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Sheet Metal with SolidWorks: Enclosure Design Project
Illustration by Richard Downs

Using block cutouts


From:

Sheet Metal with SolidWorks: Enclosure Design Project

with Gabriel Corbett

Video: Using block cutouts

If we end up using a connector in several places And then click on the featured self and it should highlight over here as cut feature And go over here and click on Make Block.

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Sheet Metal with SolidWorks: Enclosure Design Project
2h 31m Intermediate May 21, 2014

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Real-world projects are vital to mastering SolidWorks, and sheet metal enclosures are a perfect example of a typical project. Sheet metal enclosures house and protect circuitry, wiring, and other sensitive electronic parts and frequently require customization by a professional CAD designer. So take a firsthand walk through designing a sheet metal enclosure for circuit boards and panel-mounted connectors, as well as fans, power cords, and switches, with SolidWorks. Gabriel Corbett covers the key techniques for working with in-context parts and assemblies that dynamically adjust based on the master part model. He'll show you how to use equations to drive the size of the box and calculate vent holes, work with circuit boards, and download connector components. Plus, learn how to add decals before prepping the final drawings for manufacturing.

Topics include:
  • Working with the Base and Flange tools
  • Building the rough enclosure shape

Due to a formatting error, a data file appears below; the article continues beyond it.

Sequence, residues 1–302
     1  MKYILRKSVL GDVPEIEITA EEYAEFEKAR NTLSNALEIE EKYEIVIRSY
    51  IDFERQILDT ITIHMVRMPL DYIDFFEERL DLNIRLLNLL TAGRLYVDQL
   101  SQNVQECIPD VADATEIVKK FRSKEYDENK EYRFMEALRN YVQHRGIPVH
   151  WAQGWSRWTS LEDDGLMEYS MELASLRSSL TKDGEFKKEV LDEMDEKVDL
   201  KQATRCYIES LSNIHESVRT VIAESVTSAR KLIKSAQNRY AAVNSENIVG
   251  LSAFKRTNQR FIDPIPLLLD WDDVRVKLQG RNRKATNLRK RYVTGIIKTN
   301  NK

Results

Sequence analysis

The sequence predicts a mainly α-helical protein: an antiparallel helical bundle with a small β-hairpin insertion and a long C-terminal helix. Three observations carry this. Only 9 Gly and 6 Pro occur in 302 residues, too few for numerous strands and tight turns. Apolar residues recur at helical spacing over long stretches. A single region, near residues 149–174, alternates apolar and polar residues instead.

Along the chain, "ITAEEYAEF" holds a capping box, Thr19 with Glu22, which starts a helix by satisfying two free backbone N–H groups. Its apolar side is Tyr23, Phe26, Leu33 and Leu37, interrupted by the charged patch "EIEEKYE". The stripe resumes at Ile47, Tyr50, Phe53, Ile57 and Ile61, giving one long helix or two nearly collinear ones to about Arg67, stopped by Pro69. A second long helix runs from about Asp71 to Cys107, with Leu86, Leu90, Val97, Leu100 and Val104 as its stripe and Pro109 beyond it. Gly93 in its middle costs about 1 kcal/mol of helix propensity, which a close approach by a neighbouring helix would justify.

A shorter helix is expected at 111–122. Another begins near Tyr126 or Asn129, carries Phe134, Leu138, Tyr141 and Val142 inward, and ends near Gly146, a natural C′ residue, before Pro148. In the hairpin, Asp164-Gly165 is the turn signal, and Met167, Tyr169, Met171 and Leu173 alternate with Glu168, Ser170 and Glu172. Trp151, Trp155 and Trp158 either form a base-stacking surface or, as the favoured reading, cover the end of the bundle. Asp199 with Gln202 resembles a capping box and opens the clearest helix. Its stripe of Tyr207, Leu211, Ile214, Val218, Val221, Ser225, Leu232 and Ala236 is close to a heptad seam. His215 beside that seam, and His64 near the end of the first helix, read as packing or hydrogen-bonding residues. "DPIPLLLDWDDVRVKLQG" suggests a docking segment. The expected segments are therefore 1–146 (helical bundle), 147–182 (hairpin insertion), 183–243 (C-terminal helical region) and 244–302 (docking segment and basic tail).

• Designing the cover
  • Adding vents
  • Adding components
  • Cutting holes for connectors
  • Adding graphics
  • Making assembly drawings
Subjects:
Prototyping Product Design CAD Manufacturing
Software:
SolidWorks
Author:
Gabriel Corbett

Using block cutouts

If we end up using a connector in several places in a design or across several products, it makes a lot of sense to create a block out of the sketch so we can easily drop that cutout into multiple designs. Also, many manufacturers will also provide a DWG or DXF file of the cutoff so we can bring that into our design and just place it. If we already have a design with a cutoff which I have over here, I'm going to spin this around, you can see that I've got a sketch inside of this part here. So let's go ahead and find out where that actually is.

So you can always find out where these things are, if you click on the like the inside face. It'll highlight where the part is and which part you're talking about. So let's click on the part itself and let's say Edit Part. And then click on the featured self and it should highlight over here as cut feature two or cut extrude two and go ahead and click on the sketch and say edit sketch. Now you can see here's all the sketch I have and how we place that in here with all the right dimensions. Now I want to be able to use the same cut-out in multiple places without having to do all this work. And this one's not really that hard, but some of them really are.